Dark Country #1

Oct 30, 2012

If you love the movie Dark Country, this book will be really indispensable for you. And if you'd like to read a really effective noir horror story for Halloween, you'll find a lot here to like. But if you don't care about the movie and just want to read the comic, you might find this book a bit bloated for your needs. But we can all ignore a few pages that we don't care about in a book to find something brilliantly bleak, right?

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6.0
Darryl Cunningham's 'How to Fake a Moon Landing' Struggles When It Comes to Complex Issues #1

Apr 5, 2013

How to Fake a Moon Landing is a succinct and direct rebuttal to those who deny the realities of science and reason. It's a smart and intriguing book. Unfortunately, the book is a bit too concise for the author to make his points extremely well. If Cunningham had either addressed fewer topics in this book or created a longer book, I can't help but to think it would have been much more satisfying.

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9.0
Dash Shaw's '3 New Stories' Offers A Lot of Rich Complexity in a Single Floppy #1

Apr 8, 2013

3 New Stories will be in stores May 2013.

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8.0
Days Missing #4

Nov 26, 2009

Huh, a comic about Hernan Cortez, What an interesting and cool comic it ended up being.

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6.0
Days Missing: Kestus #2

Dec 23, 2010

It's a shame because I've always dreamed of feeling like I was actually in the Library at Alexandria. As a student of the classics, I've dreamed of being surrounded by the vast knowledge of the classical Greeks, and feeling like I could experience a lost world. Hesters writing brings some of the atmosphere of the place to life. Unfortunately, the art in this comic didn't bring me any closer to that world.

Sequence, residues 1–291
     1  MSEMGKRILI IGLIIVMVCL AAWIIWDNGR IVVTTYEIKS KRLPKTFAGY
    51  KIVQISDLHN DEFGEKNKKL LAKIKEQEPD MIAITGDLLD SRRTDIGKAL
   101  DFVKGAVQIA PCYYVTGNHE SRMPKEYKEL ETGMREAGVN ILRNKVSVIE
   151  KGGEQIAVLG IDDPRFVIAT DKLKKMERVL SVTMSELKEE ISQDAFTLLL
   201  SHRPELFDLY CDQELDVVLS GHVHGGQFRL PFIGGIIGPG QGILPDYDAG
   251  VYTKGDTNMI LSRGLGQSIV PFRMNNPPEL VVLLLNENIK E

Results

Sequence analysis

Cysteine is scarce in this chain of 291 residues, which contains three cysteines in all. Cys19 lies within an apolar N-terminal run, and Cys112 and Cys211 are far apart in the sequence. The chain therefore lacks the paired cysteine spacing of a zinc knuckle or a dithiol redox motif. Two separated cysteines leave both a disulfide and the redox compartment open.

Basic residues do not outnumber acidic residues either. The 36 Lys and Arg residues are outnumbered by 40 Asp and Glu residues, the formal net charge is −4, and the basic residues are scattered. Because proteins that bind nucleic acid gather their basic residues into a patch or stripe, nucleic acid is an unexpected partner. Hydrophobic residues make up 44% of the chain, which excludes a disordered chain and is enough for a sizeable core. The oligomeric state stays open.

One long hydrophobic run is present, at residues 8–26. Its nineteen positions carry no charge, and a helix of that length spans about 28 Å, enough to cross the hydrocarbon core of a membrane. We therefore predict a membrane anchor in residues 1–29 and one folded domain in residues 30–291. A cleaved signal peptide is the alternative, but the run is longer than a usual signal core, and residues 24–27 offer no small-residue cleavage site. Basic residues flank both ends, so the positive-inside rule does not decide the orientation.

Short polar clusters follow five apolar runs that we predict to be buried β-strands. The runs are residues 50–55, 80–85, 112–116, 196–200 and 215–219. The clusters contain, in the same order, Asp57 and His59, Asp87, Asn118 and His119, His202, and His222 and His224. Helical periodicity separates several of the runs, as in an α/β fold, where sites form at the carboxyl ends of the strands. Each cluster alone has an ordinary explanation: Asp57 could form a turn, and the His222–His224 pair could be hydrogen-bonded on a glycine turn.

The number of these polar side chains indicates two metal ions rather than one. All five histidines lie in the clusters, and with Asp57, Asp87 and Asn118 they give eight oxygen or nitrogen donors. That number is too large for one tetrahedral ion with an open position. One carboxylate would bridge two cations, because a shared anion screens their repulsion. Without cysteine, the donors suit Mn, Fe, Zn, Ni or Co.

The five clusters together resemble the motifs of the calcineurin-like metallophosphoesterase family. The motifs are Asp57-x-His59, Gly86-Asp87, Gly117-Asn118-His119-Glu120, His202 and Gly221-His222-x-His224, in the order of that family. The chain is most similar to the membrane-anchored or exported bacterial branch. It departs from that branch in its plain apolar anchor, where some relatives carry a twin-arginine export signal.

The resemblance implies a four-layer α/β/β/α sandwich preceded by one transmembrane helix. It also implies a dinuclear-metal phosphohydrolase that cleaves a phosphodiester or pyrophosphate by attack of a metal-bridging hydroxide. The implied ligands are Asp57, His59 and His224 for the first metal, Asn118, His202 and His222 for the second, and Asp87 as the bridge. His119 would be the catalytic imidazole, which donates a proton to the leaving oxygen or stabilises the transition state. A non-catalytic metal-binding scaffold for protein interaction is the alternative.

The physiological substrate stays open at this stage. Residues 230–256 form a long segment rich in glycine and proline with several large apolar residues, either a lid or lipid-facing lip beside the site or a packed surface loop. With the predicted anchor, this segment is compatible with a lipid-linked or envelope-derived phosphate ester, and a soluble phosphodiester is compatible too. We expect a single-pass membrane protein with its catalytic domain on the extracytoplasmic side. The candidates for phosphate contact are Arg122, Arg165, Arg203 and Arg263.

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8.0
DC Comics Presents Superman #1

Aug 8, 2004

I wish they still did old-school Superman books like this one, every once in awhile.

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4.0
DC Universe #0

May 4, 2008

It's hard to feel ripped off by a comic that costs 50, but this comic succeeds at that task.

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10
DC: The New Frontier #1

Aug 12, 2004

What else can I say? This comic is a goddamn masterpiece. It's a bargain at $6.99.

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10
DC: The New Frontier #3

Apr 2, 2004

You can buy it now or you can buy it in trade paperback in 2005, but why not be one of the first at your comics shop to say hes read the next Dark Knight? This is the next comics classic.

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10
DC: The New Frontier #4

Jun 3, 2004

New Frontier is a five star comic. Buy it. Okay? 'Nuff said.

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8.0
Dead Men Tell No Tales #2

Oct 9, 2005

I really like pirate comics, and I like pirate comics that are really well done even more. I really loved Dead Men Tell No Tales.

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7.0
Dead of Night: Man-Thing #2

Mar 11, 2008

This isn't quite the greatest comic in history, but it's a lot of fun if you're looking for something as mindless as the creature at the center of this story.

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8.0
Dead, She Said #1

May 26, 2008

I cant wait to see where this series goes. Niles and Wrightson are doing solidly wonderful work in this book.

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6.0
Deadman #1

Aug 21, 2006

I loved the Watkiss art, but there's just not enough in the story to make me come back. To me, the intense confusion of the plane crash in this issue completely detracts from any potential intriguing elements of this series.

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2.0
Deadman #3

Nov 13, 2006

Deadman #3 was as much an incoherent mess as issue #1. It may be that there's a thoughtful and intelligent comic in this story somewhere, but it's not clear to me after three re-readings.

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7.0
Death Sentence: London #1

Apr 1, 2015

This comic has soul and smarts, frightening creatures and frightening humans, and a premise that gets scarier the more time you spend in Death Sentences London. I enjoyed my trip to one of the worlds most terrifyingcities.

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5.0
Desperado Primer #1

May 31, 2005

disappointing due to its seeming lack of editorial focus. But what an incredible cover!

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10
Detectives Inc. #1

Jan 20, 2010